You can’t judge a book by its cover, and you certainly can’t judge a stock-price-to-company-earnings (P/E) story by its headline. From shortly after the global COVID-19 pandemic hit in 2020 until well into 2022, the headline for P/Es was higher multiples. Yet one needn’t dig too deep to uncover the real story: there was a sharp divergence between the weighted average P/E multiple and the median P/E.
It makes sense that the weighted average P/E would be (and is) the official P/E multiple: it presents P/Es by weighting market capitalizations—revealing rather than obscuring where investors actually invest. But a weighted average approach can also distort one’s perception of what’s going on among a broader swath of companies, particularly when a lot of money is chasing a few particular stocks. Merely because the P/Es of a small number of companies become very high does not mean that the P/Es for a larger number of other companies can reach the same heights. That’s why it’s always helpful to consider median P/Es, as well. Eventually, investors figure out that some companies are delivering their future earnings at a high price and that others are doing so at a relative bargain. We would expect that a significant divergence between weighted average and median P/Es will eventually become untenable. By mid-2022, it was.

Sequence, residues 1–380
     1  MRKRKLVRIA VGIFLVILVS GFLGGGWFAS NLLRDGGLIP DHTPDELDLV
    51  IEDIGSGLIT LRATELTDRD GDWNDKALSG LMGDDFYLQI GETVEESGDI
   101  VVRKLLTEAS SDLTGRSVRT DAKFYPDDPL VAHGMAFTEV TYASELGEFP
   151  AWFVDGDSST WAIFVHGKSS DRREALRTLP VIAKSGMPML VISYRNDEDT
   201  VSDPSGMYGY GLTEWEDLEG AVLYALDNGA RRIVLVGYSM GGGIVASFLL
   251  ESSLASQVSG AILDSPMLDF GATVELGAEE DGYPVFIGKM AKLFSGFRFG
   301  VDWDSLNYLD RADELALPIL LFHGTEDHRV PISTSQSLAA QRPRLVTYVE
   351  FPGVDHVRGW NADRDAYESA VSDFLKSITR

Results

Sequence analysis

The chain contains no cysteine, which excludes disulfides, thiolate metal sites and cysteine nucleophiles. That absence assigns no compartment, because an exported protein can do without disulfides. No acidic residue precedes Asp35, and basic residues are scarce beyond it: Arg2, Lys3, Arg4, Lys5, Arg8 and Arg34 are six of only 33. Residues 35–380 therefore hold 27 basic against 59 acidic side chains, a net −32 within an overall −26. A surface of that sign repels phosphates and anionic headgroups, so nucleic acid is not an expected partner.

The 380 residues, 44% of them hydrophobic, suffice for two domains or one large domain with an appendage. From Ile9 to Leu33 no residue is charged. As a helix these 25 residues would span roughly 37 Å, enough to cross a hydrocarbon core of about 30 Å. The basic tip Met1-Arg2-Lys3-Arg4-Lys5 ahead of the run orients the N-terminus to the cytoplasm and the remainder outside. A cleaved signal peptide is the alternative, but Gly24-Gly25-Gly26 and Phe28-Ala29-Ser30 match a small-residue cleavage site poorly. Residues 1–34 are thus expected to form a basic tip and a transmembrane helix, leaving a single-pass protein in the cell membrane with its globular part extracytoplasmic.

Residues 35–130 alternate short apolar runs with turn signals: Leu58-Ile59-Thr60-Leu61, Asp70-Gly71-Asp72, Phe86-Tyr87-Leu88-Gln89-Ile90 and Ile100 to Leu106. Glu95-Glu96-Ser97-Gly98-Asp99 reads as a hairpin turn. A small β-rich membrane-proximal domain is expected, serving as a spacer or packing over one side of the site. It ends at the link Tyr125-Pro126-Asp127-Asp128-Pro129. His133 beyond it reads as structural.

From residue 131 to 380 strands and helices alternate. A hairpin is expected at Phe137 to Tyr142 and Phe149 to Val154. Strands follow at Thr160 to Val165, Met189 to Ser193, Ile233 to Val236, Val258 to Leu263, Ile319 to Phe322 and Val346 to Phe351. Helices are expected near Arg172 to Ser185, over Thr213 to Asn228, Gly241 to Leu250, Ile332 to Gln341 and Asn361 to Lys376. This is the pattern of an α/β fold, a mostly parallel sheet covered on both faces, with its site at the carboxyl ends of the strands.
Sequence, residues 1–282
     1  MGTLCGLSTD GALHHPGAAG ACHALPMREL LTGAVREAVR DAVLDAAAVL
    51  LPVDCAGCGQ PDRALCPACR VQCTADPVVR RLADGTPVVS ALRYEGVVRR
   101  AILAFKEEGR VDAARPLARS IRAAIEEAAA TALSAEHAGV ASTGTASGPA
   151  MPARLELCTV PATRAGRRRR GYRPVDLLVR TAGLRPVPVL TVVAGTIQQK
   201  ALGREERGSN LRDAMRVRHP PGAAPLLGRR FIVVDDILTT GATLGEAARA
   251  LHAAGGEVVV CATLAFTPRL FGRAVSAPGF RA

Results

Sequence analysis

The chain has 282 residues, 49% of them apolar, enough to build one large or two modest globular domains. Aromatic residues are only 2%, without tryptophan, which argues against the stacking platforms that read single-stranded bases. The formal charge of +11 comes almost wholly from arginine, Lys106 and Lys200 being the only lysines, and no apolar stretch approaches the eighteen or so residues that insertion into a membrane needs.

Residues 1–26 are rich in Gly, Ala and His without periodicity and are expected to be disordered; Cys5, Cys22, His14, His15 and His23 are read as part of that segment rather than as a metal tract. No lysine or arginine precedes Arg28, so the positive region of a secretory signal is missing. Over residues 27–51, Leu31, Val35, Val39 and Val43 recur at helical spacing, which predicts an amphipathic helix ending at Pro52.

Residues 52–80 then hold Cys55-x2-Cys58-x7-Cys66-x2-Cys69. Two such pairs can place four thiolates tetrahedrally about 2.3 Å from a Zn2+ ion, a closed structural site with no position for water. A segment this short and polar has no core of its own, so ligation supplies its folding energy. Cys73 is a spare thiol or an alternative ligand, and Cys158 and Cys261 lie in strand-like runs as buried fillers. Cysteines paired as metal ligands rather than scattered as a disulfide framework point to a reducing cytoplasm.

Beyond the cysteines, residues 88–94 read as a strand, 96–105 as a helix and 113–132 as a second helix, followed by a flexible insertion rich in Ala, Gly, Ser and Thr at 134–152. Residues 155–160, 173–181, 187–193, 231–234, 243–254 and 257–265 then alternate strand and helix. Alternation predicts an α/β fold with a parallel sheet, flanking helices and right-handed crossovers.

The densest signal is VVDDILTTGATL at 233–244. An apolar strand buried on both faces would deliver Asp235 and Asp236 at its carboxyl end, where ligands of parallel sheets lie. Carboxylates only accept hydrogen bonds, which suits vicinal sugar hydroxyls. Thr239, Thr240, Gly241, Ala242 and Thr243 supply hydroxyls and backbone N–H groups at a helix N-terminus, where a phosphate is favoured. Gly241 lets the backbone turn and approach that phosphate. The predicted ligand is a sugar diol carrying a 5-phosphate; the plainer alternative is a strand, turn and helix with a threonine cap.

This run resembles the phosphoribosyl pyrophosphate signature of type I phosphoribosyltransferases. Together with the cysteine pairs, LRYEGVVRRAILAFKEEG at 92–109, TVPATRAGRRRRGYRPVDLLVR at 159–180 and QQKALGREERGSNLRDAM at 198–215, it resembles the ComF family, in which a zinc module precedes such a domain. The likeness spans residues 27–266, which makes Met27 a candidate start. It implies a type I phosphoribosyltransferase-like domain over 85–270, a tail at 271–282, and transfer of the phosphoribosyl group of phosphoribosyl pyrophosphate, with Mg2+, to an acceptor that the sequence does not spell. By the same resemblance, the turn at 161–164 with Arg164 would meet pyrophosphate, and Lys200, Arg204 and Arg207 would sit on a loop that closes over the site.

Another prominent divergence occurred at the turn of the 21st century, during the run-up of dot-com stocks and the surging stock prices of a few very large non-dot-com companies. The valuations for both soared—until their prices began to teeter and then, particularly for many dot-coms, completely collapse (one is reminded of Ernest Hemingway’s description of how a bankruptcy came about: “Gradually, then suddenly.”). But for a broader range of companies, when considering median P/Es, there was neither a boom nor a bust. Median P/Es were relatively stable not only during 2020–22 and 1997–2002 but also during the nearly two decades in between. In fact, since the late 1980s, median P/E multiples have rarely traversed a tight band of between 15 and 17 times earnings. The arithmetic mean from 1990 through June 2002 sits almost precisely in the middle: 15.9.
None of this means that individual companies cannot break from the pack. The cautionary tale, rather, is for those inclined to take good ideas too far, such as by going all in on a “new economy” without thoroughly understanding the technology and broader dynamics or by aiming for bigness merely for bigness’s sake. The way that companies create real value consistently comes down to minding the fundamentals: strengthening competitive advantage, growing in a sustainable way, having the courage to innovate, and focusing relentlessly on the business rather than fixating on—ironically—the P/E. Capital may take a periodic divergence, but invariably it corrects and rewards the basics.
As economist Benjamin Graham famously taught: “Price is what you pay; value is what you get.1